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Sustainable Growth is Key to Eastern Europe Data Centre Growth

Eastern Europe has been experiencing significant growth in its data centre infrastructure. This growth is colliding with energy resource constraints, making sustainability a hot issue. 

At Capacity Europe 2023, the team attended a fascinating session on "The Role of Central & Eastern Europe in the Global Data Centre Landscape," where energy usage and sustainability were a major topic of conversation. This article summarises the key points from this session and adds our own perspective. 

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Why is Growth Happening in Eastern Europe?

The FLAP markets, comprising France, London, Amsterdam, and Paris, have been the dominant players in Europe's data centre colocation market for many years. While these markets still play an important role, they are now mature and face limitations due to physical space constraints and the need for more energy to power the data centres. 

Internet audiences are maturing in Eastern Europe. For example, according to Kepios, there were 9.19 million internet users in Hungary at the start of 2023, when internet penetration stood at 89.7 percent. As a result, content providers are driving most of the growth in data centre utilisation, versus telecoms.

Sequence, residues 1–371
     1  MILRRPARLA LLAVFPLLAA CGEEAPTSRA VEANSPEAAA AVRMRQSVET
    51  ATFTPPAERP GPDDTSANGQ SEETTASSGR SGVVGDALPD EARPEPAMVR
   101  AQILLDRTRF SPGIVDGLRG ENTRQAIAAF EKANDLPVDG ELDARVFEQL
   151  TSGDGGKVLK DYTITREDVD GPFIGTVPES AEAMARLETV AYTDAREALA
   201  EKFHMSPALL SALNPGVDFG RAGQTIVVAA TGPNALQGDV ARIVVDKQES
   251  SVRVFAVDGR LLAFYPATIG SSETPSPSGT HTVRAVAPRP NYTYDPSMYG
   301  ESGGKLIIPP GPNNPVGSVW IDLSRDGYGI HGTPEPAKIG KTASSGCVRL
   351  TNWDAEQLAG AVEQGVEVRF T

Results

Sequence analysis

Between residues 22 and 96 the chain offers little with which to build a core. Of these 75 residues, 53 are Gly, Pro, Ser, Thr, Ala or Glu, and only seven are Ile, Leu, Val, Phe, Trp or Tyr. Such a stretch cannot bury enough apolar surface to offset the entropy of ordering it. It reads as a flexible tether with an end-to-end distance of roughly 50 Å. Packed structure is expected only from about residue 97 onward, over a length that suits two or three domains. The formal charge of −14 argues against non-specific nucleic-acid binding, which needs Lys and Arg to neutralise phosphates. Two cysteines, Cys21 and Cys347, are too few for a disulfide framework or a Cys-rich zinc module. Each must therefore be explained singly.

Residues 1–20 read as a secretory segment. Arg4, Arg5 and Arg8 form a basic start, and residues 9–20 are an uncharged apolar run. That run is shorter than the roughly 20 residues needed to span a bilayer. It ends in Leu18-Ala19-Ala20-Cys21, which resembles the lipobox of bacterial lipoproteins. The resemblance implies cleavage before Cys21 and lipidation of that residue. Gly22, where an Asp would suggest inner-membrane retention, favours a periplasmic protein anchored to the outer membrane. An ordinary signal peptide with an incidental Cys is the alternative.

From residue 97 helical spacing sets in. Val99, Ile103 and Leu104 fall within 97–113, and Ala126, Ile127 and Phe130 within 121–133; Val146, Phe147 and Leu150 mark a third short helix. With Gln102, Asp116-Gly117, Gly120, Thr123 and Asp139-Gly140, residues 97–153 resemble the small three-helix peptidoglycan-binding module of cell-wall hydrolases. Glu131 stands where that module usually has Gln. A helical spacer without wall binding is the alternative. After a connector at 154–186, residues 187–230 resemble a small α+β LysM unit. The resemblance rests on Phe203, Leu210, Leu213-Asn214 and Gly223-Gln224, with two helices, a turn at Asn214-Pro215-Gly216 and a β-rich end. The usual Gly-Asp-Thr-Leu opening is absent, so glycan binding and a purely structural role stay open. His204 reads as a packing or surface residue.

As a consequence, colocation providers are expanding to new locations, such as Berlin, Prague, Vienna, and Warsaw, as well as further towards Eastern Europe. 10 years ago, Frankfurt was main hub of connectivity for Eastern European countries, but with local deployments becoming easier, Poland, Bulgaria and Hungary are all gaining more data centres. Poland data centre growth is additionally being driven by movement of workloads from Ukraine.

Data Centres’ Role as Energy Infrastructure

The most discussed topic during the Capacity Europe panel was energy, including the negative impact of data centres, green power as a distinguishing factor, and how data centres need to address growing demand whilst keeping sustainability as a priority.